VPUCHTBARl EARTH AUG StPT 1996 The same difference can be pointed out between New York and Florida (where I live), built on a base of granite, with its limestone base. Mind you, I am not saying that Dubliners or my local people would be lazy or that they would work less hard – just that there is a subtle aura behind the population of a limestone-built city. And that the exact opposite is evident in places like Belfast and New York City. However, I can imagine that in particular param agn e tic areas – Belfast, New York. Lebanon, certain mountain areas, 1 0 I

 

VPUCHTBARl EARTH AUG StPT 1996 The same difference can be pointed out between New York and Florida (where I live), built on a base of granite, with its limestone base. Mind you, I am not saying that Dubliners or my local people would be lazy or that they would work less hard – just that there is a subtle aura behind it in the population of a limestone-built city. And that the exact opposite is evident in places like Belfast and New York City. However, I can imagine that in particular param agn e tic areas – Belfast, New York. Lebanon, certain mountain areas, 1 0 I VPUCHTBARl EARTH AUG StPT 1996 I’m not saying that Dubliners or my local people would be lazy or that they would work less hard – just that there is a subtle aura behind it in the population of a limestone-built city. And that the exact opposite is evident in places like Belfast and New York City. However, I can imagine that in particular param agn e tic areas – Belfast, New York. Lebanon, certain mountain areas, 1 0 I VPUCHTBARl EARTH AUG StPT 1996 I’m not saying that Dubliners or my local people would be lazy or that they would work less hard – just that there is a subtle aura behind it in the population of a limestone-built city. And that the exact opposite is evident in places like Belfast and New York City. However, I can imagine that in particular param agn e tic areas – Belfast, New York. Lebanon, certain mountain areas,

Scent terror Dublin: built on a diamagnetic base; Belfast is built on a paramagnetic subsurface like North Vietnam (not South Vietnam, which has limestone as subsurface), for example, when massive, forced unemployment burns up rather than in diamagnetic areas. But they remain assumptions. Research will have to provide a definite answer. If sociologists were more aware of the influence of these kinds of natural low energies on humans, it would open the way to a completely new field of study: socio-physics. Science is the art of tying and organizing data. The biggest mistake modern science makes is that it takes things apart in order to study them better. but rarely reassemble them to figure out how the system works as a whole. By naming and classifying the ingredients of life, we somehow destroy the very essence of what life really is. These are my descriptions and classifications of Ireland and its inhabitants. Thoughts arise during my wanderings through Ireland. I remain aware that in some of his short poems the Irish poet Francis Ledwidge offers more insight into the mystery of life, especially that of Irish life, than any bock can. Philip C \ // ta / tan Hel above article is a free adaptation of parts of Philip Callahan’s bock Nature’s Silent Mmií. 1992, Acres USA. ISBN Can also be ordered directly from the publisher, easiest with a credit card number.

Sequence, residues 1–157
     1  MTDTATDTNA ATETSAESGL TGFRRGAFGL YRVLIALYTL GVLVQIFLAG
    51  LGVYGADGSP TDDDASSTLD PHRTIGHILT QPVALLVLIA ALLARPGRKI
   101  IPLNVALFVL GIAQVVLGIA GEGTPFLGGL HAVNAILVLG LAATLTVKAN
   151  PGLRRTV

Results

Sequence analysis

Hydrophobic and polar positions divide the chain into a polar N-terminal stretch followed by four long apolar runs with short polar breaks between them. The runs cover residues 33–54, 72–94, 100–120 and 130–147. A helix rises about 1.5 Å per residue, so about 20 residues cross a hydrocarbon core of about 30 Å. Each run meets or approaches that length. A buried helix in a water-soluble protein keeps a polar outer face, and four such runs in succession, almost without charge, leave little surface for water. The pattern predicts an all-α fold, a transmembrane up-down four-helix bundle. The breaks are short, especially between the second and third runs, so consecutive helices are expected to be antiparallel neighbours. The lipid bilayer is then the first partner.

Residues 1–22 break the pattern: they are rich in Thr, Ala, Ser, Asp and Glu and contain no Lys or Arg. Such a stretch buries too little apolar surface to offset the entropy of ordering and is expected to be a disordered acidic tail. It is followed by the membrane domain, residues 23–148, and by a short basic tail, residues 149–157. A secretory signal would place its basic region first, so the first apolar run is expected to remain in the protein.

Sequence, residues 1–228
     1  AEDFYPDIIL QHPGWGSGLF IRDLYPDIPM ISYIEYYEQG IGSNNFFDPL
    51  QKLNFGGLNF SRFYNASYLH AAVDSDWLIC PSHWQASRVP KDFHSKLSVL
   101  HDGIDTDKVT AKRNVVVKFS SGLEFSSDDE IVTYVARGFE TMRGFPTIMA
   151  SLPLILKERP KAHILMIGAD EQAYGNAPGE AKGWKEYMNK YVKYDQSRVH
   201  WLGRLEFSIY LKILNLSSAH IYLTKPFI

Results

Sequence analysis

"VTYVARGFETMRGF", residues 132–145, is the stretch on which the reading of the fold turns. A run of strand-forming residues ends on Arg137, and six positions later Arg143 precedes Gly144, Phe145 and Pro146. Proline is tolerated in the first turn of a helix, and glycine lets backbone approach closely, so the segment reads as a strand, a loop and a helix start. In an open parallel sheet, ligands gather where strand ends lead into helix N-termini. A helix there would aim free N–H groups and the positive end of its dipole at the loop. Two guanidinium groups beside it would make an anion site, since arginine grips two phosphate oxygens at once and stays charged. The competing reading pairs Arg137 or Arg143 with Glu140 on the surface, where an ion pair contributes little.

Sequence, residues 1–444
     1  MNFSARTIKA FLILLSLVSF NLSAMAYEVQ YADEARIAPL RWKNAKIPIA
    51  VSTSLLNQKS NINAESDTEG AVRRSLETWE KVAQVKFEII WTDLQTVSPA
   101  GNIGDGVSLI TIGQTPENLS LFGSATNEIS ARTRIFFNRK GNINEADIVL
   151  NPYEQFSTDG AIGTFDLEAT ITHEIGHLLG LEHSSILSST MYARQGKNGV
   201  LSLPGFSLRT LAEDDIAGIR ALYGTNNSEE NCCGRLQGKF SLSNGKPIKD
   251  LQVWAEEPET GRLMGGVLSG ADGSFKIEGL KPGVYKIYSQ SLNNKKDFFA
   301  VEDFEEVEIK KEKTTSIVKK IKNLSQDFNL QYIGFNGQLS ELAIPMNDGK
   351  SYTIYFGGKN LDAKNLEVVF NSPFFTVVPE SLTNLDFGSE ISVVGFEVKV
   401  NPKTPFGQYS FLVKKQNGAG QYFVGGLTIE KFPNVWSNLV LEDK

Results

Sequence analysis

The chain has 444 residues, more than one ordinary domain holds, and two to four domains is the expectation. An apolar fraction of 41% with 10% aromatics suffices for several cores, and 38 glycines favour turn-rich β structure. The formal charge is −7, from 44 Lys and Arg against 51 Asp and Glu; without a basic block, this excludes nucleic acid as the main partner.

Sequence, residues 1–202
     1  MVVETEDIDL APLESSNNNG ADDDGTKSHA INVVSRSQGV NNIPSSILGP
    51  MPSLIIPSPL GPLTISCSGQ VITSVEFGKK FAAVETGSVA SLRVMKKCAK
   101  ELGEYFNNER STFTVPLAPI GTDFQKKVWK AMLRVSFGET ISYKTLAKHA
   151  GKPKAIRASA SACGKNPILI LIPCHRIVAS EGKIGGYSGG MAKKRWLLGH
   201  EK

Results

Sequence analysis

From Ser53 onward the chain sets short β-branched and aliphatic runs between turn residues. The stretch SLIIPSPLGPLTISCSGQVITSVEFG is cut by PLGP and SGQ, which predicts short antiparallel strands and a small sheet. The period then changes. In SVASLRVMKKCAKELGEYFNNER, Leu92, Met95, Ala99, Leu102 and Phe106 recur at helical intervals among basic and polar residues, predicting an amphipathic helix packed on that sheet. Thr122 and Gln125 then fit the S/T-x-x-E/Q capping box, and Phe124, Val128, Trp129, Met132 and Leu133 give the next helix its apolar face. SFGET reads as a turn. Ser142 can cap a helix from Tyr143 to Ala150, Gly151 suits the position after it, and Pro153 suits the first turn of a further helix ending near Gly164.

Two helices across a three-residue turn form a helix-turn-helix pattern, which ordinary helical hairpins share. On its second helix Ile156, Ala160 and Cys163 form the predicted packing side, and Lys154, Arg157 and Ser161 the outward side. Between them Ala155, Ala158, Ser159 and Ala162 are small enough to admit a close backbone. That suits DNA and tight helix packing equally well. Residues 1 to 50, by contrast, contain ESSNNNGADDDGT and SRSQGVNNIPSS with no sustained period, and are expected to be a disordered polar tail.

Fax: (from the Netherlands).

 

By telephone: See also the article ‘WatervrienAelijke Rivers in VA 4/94. he Okura Hotel in Amsterdam is not Halleen striking because it stands head and shoulders above the neighborhood. It is also good in holding expensive meetings. Anyone who cycles the cycle path between Zuideramstelkanaal and Okura Hotel can regularly sniff the exhaust fumes of the corresponding chic cars in a northwest wind. And those who cycle in front of the Okura Hotel have a saved «chance of being hit by a turning car. One of the Okura events this year was a meeting of Senta Aromatic Marketing. There it was about scents as a marketing tool. I left the March issue of the glossy Elan (with the title Entrepreneurship in the 21st century appealing to me) because it smelled. And when I heard that the company Lovers wanted to provide its intended train line Amsterdam-IJmuiden with a sea scent, I became slightly unwell. However, this arrangement turned out to be hopelessly outdated in the Okura Hotel.

 

According to Mignon Tierie, editor-in-chief of the women’s magazine Nouveau, who spoke there, a whole new dimension must be added to magazines: pastry air to the culinary pages, linen scent on the interior pages, perfume to the perfume advertisements, and so on. I don’t know what the editor-in-chief of this venerable magazine thinks, but as a simple columnist, I hope it doesn’t get that far. This so that I keep the freedom to write a column every now and then, in which a cesspool is opened. At the same meeting a lot of attention was paid to smells of products. It has long been known that smells of products are important. Chlorine in Glorix and bleach owes its success to a large extent. People who use chlorine to disinfect a toilet, sink or sidewalk know by the smell that they have done something great.